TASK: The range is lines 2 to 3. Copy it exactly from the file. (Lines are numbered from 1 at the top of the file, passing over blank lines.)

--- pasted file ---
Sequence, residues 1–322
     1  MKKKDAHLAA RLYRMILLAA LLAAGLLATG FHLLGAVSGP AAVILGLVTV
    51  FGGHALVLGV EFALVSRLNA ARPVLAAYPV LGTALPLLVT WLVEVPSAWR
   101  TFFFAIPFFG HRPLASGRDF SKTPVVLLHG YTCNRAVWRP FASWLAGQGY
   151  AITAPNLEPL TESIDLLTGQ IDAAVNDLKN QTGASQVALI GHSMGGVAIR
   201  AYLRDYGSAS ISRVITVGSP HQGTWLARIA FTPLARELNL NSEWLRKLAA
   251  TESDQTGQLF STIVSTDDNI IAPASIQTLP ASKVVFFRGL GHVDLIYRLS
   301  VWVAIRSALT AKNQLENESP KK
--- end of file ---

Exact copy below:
     1  MKKKDAHLAA RLYRMILLAA LLAAGLLATG FHLLGAVSGP AAVILGLVTV
    51  FGGHALVLGV EFALVSRLNA ARPVLAAYPV LGTALPLLVT WLVEVPSAWR